New building will create badly needed space at Ivy Tech, where enrollment has surged

Ivy Tech will get badly needed parking and study space.
More places to park, a bigger library and more room to stretch your brain.

Those are the goals for Ivy Tech Community College, which hopes to solve a number of crowding issues by building a new facility at its bursting Indianapolis campus.

Ground was broken Monday on a $10.4 million parking and academic building at 27th and Illinois streets -- the first new construction on campus in more than 24 years.

What began as a mere parking garage project a few years ago grew into a four-story building that will house a new campus library on the ground floor and include new computer labs and study pods for more than 25,000 students.

"I really see this becoming the academic heart of the campus," said Jessica Placke, who heads the campus library system, which now occupies a small corner space in a building on campus. "This new space will be three or four times the size of what we have now."

Students will have a new home to do research, gather in study groups or get tutoring in math, reading and computer skills -- the most requested needs of the student body.

"We are literally on top of each other half the time," said Dale Kinney, who heads the student government association.

The new building is scheduled to open by October.

Ronald Reagan was president the last time ground was broken for a new building at Ivy Tech in Indianapolis. The Glick Technology Center was built from 1986 to 1988 along Meridian Street and is now home to classrooms and student services.

Ivy Tech President Tom Snyder envisions this new project -- and another project already under way a block to the southwest -- as key components of an "education corridor" that will one day stretch from the Indiana University-Purdue University Indianapolis campus north to Ivy Tech and then up to The Children's Museum.

"This is how we can change lives," Snyder said. "This is how we can make Indiana great."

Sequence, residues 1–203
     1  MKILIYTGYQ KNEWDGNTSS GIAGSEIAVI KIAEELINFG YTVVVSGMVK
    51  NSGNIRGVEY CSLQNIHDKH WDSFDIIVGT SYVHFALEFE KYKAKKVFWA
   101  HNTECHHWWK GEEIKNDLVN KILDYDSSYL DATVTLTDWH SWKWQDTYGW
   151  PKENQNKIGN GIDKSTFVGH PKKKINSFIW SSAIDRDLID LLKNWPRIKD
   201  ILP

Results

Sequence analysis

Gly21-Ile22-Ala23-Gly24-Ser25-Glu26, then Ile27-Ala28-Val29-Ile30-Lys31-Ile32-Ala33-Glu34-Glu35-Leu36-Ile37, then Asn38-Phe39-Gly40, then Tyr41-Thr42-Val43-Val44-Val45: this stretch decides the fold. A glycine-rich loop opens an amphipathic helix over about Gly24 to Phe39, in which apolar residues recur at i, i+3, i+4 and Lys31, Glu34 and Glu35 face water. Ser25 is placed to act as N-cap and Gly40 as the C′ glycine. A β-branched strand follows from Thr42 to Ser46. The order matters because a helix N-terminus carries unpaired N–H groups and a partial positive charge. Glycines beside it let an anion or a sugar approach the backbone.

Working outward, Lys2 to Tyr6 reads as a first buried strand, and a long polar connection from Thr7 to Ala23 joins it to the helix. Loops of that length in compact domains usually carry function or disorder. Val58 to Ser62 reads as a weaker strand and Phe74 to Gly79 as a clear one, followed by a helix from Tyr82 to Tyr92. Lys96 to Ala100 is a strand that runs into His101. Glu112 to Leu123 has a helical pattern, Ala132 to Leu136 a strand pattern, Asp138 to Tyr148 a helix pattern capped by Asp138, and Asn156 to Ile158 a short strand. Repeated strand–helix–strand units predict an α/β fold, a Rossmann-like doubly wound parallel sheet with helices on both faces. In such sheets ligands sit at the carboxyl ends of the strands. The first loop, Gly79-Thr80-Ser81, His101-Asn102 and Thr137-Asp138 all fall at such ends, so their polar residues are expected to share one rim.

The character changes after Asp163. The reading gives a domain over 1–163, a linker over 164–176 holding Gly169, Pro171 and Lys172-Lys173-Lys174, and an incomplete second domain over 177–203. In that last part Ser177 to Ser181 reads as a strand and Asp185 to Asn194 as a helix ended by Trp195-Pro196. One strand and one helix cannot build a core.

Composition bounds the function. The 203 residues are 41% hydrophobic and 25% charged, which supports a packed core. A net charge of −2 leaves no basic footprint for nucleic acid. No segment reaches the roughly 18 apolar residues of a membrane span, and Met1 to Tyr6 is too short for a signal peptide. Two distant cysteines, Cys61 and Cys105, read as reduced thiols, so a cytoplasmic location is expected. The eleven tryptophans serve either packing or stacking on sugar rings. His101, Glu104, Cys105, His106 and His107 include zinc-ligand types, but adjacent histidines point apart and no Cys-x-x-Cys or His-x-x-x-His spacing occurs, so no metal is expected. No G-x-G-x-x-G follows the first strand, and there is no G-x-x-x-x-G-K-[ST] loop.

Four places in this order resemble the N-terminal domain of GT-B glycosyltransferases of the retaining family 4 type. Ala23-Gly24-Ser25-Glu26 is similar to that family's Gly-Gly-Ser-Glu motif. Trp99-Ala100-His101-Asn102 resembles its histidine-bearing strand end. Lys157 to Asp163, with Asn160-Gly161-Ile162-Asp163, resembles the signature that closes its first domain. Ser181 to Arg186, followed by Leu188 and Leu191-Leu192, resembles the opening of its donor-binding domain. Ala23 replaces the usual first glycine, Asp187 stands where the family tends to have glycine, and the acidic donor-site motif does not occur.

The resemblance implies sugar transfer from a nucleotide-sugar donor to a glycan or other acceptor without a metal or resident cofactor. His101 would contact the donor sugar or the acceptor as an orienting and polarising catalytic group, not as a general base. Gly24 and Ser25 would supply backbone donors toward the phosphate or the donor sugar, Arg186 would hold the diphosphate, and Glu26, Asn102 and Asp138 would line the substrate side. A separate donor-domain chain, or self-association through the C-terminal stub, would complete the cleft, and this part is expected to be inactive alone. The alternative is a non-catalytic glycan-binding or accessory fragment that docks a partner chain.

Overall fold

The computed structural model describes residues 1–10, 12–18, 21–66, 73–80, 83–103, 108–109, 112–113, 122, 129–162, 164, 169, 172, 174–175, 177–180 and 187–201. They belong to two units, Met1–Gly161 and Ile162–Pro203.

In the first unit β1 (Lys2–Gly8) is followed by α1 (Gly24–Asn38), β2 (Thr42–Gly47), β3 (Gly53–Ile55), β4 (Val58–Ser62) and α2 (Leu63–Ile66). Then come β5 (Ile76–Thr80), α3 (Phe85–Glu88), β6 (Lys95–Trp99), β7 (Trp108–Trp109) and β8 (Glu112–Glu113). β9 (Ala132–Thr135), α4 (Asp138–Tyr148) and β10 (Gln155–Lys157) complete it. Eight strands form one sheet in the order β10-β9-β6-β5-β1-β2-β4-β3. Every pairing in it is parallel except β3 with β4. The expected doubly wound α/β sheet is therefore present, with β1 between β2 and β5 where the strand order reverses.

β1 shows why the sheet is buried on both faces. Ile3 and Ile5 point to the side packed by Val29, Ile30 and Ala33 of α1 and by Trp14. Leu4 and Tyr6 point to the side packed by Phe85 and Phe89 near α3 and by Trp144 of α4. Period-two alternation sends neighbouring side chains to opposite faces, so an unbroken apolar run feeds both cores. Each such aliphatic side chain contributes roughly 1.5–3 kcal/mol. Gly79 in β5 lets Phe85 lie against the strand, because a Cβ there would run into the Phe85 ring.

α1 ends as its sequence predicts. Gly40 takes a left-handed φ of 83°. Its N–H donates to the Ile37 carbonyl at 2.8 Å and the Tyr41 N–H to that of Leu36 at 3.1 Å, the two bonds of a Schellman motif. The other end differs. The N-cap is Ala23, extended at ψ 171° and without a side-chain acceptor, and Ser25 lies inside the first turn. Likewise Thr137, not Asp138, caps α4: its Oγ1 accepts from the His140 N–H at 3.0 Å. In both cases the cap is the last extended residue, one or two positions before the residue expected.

The 229,000-square-foot, four-story building is expected to be built by October on land between Illinois and Meridian streets, and 27th and 28th streets.

Also under construction is a $39.5 million classroom building scheduled to open in January 2012. It will be built on the site of the former St. Vincent Hospital. Demolition work is under way, but the building's historic facade facing Fall Creek Parkway will be retained.

Kelly Hauflaire, a spokeswoman for Ivy Tech, said demolition crews are ahead of schedule on that project and should be done tearing down the old portion by May.

"In the coming weeks, you will see them get closer and closer to the facade area," Hauflaire said. "And the demolition company is recycling 80 to 90 percent of all the materials. Some of the old brick will actually be reused in the new construction."

U.S. Rep. Andre Carson joined officials with the Richard M. Fairbanks Foundation at Monday's announcement.

The project is being funded by two sources: Fairbanks awarded the school $3.8 million, and the federal government is providing $6.6 million -- money that was first aggressively sought by Carson's grandmother, the late Rep. Julia Carson.

"My grandmother got the ball rolling," Carson said in his remarks. "She knew that Ivy Tech provided hope for people in her district."

One key component of getting that federal funding was the inclusion of a new hub for IndyGo buses. Current bus-stop locations on Meridian and Illinois likely will be moved to a hub at the new building, making it easier for bus-riding students to make connections.

Ivy Tech's Central Indiana enrollment grew 42 percent this semester to 25,000 students.

Over the past five years, the current buildings have become cramped as student population has increased 120 percent, making Ivy Tech one of the fastest-growing community colleges in the nation.
Ivy Tech community college
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